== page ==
Literary and Cultural Theory in France: Literary Worlds
This course introduces students to some of the most compelling questions, debates, and methodologies in literary and cultural studies today through an exploration of the relationship between literature and the world. We will read several major works of literary and cultural theory and criticism along with selected literary texts, thinking collaboratively about how they make sense of their world and imagine new ones. The following questions will guide our inquiry: what is the value of literature, and of reading? How and why should we read today? What work does literature do in the world, and what work do we do as readers and critics? Can literature (and other art forms) be political? If so, how? Do different literary genres and forms have different politics? What does literary form convey? What do different theoretical and critical approaches allow us to see, and what might they obscure? What are the ethics and politics of literary and cultural critique? How can theory and criticism help us think about literary worlds? How do literary texts think? How can literary thinking and worldmaking help us negotiate the problems that plague our world today, from inequality to climate change? Graduate students will have an additional objective: to think critically about the profession, the role and value of the humanities, and how to position themselves in the field. The course is open to both graduate and undergraduate students; it may be conducted in French or English, depending on enrollment. Prerequisites: FREN 300 and one of the following: FREN 255, 260, or 262.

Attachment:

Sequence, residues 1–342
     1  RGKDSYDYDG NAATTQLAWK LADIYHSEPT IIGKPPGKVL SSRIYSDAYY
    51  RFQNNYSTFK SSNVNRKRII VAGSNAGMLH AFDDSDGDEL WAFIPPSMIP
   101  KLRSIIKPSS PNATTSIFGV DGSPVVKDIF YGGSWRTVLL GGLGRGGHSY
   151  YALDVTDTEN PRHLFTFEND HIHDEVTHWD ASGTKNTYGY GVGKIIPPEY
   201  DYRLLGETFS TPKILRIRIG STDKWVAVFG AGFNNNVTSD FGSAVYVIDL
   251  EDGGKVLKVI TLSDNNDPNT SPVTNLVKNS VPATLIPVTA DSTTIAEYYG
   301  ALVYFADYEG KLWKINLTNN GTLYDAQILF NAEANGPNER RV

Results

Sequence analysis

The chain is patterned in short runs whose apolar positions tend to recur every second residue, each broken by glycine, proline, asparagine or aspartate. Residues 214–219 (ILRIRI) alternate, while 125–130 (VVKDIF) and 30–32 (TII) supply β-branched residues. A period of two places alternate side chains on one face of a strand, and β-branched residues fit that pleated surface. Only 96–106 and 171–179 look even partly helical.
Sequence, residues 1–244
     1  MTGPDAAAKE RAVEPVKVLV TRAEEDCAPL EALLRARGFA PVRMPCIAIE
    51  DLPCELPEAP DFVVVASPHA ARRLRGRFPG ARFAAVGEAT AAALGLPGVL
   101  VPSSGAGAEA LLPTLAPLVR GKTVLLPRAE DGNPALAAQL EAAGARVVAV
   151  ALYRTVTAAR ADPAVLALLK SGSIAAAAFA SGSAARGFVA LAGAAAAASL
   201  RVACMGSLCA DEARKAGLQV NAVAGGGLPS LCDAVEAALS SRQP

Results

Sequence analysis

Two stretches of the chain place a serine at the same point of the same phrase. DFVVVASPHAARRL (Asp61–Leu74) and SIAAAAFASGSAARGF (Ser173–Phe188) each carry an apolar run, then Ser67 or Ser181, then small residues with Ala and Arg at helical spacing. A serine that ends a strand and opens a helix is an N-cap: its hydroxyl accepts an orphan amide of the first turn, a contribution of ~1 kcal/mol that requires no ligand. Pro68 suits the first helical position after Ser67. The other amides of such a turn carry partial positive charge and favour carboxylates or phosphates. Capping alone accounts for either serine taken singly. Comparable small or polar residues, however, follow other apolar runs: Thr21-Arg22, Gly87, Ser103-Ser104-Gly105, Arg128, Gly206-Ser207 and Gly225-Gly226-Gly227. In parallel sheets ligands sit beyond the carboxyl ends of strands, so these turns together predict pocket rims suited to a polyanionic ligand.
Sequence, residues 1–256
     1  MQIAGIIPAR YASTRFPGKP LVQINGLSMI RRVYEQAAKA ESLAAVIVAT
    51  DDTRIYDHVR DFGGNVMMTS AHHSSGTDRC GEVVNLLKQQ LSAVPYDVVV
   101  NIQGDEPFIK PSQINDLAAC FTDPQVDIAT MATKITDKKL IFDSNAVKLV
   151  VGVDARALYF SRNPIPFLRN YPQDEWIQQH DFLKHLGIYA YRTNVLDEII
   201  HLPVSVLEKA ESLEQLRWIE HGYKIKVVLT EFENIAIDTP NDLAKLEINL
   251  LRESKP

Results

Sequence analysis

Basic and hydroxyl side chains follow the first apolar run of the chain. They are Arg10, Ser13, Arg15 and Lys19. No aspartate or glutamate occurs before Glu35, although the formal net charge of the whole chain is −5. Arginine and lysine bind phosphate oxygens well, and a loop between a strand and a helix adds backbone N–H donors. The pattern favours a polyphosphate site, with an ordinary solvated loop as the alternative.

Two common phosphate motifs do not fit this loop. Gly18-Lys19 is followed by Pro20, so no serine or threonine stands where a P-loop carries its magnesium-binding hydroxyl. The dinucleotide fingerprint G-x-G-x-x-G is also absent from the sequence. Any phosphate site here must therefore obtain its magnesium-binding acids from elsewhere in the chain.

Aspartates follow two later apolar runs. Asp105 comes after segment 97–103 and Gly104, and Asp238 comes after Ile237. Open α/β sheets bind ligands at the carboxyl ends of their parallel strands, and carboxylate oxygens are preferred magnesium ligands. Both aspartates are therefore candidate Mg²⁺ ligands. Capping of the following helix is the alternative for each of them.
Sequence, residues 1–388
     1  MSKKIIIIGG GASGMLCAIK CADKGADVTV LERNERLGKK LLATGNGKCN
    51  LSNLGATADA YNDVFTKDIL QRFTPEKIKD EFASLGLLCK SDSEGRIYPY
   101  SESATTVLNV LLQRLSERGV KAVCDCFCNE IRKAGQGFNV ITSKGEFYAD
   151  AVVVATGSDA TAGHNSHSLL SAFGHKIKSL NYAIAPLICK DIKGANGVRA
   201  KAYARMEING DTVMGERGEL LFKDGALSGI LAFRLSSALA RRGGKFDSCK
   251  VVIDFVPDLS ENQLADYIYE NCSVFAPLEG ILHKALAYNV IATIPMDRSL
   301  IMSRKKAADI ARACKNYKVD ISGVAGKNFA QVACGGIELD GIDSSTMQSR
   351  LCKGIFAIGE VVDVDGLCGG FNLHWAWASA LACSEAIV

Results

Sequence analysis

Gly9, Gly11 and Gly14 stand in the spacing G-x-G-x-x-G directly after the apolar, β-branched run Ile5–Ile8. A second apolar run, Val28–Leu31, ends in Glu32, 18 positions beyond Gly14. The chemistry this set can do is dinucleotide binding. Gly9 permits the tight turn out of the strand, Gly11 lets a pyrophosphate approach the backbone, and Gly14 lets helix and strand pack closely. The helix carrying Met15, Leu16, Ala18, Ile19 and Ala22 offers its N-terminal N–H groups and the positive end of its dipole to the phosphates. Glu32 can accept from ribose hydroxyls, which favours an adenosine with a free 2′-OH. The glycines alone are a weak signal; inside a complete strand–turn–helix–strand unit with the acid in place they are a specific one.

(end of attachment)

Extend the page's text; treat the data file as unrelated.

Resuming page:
Fall 2015, Fall 2020